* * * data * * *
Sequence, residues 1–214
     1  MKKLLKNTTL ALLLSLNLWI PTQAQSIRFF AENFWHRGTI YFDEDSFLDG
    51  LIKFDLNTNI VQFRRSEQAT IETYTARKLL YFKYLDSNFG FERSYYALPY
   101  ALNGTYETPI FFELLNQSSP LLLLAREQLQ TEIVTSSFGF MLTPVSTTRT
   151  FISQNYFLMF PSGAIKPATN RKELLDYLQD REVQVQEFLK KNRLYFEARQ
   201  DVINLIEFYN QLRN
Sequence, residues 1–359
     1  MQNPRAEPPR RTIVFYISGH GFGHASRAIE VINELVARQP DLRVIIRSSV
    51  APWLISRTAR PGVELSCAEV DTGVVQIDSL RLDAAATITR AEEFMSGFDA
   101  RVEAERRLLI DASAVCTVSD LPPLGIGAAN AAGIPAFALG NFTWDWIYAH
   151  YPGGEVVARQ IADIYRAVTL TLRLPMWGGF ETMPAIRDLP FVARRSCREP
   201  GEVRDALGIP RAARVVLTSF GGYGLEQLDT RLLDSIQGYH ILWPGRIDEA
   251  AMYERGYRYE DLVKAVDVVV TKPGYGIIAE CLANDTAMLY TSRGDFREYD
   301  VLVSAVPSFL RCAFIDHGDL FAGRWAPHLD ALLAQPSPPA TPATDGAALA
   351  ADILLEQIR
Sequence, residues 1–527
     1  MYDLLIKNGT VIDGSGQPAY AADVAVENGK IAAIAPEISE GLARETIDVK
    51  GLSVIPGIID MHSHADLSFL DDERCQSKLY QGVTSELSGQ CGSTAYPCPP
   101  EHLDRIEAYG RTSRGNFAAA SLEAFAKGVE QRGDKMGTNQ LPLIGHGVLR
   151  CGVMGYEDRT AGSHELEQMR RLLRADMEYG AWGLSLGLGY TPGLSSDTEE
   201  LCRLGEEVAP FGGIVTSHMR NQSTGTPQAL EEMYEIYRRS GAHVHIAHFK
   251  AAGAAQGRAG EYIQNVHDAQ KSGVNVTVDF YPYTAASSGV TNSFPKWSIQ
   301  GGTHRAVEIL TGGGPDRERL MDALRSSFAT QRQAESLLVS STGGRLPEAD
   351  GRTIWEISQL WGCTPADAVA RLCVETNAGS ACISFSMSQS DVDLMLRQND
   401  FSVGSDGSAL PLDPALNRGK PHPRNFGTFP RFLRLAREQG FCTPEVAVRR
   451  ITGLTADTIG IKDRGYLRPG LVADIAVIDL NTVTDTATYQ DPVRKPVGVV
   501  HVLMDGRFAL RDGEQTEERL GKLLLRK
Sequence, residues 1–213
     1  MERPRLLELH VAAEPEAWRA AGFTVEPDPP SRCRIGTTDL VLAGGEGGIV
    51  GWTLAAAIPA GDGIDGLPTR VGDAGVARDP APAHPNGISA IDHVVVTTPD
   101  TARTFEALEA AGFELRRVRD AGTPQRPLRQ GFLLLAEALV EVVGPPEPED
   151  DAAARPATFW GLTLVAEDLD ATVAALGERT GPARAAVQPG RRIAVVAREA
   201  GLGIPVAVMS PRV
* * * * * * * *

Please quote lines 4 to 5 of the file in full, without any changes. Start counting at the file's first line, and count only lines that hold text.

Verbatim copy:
   101  ALNGTYETPI FFELLNQSSP LLLLAREQLQ TEIVTSSFGF MLTPVSTTRT
   151  FISQNYFLMF PSGAIKPATN RKELLDYLQD REVQVQEFLK KNRLYFEARQ